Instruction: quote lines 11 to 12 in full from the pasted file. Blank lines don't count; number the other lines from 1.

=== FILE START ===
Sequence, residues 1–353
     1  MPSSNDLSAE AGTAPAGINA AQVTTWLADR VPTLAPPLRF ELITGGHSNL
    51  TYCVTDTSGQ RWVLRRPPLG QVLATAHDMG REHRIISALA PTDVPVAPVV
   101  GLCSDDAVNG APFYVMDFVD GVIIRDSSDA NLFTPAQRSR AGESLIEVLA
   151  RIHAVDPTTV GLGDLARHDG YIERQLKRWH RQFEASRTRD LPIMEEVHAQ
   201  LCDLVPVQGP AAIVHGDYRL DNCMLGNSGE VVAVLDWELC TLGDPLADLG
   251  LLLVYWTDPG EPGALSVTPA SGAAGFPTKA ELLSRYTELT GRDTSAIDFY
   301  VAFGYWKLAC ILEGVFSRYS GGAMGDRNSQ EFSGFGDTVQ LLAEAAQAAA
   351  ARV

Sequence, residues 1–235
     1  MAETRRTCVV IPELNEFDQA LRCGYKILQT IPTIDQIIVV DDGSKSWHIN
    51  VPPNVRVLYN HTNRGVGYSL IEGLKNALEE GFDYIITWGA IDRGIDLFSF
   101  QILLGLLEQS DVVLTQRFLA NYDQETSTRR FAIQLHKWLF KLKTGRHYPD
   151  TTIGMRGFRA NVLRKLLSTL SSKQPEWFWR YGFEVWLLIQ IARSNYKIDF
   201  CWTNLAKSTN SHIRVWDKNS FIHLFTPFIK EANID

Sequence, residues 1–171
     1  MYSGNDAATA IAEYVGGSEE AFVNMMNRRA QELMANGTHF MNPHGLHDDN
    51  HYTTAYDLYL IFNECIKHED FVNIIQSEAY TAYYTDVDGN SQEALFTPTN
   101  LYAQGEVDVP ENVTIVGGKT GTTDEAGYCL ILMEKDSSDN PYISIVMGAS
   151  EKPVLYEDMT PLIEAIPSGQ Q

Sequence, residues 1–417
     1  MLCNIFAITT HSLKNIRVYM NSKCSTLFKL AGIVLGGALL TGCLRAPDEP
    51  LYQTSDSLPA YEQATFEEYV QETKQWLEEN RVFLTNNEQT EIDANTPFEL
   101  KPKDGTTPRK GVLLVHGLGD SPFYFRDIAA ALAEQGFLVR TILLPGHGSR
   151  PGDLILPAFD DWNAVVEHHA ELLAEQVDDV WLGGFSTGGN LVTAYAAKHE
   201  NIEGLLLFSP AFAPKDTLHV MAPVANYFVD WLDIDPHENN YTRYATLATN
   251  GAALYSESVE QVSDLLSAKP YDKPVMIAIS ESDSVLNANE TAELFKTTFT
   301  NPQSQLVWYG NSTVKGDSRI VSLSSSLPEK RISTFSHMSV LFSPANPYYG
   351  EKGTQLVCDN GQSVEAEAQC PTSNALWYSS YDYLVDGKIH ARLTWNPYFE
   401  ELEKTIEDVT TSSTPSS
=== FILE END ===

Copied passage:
     1  MAETRRTCVV IPELNEFDQA LRCGYKILQT IPTIDQIIVV DDGSKSWHIN
    51  VPPNVRVLYN HTNRGVGYSL IEGLKNALEE GFDYIITWGA IDRGIDLFSF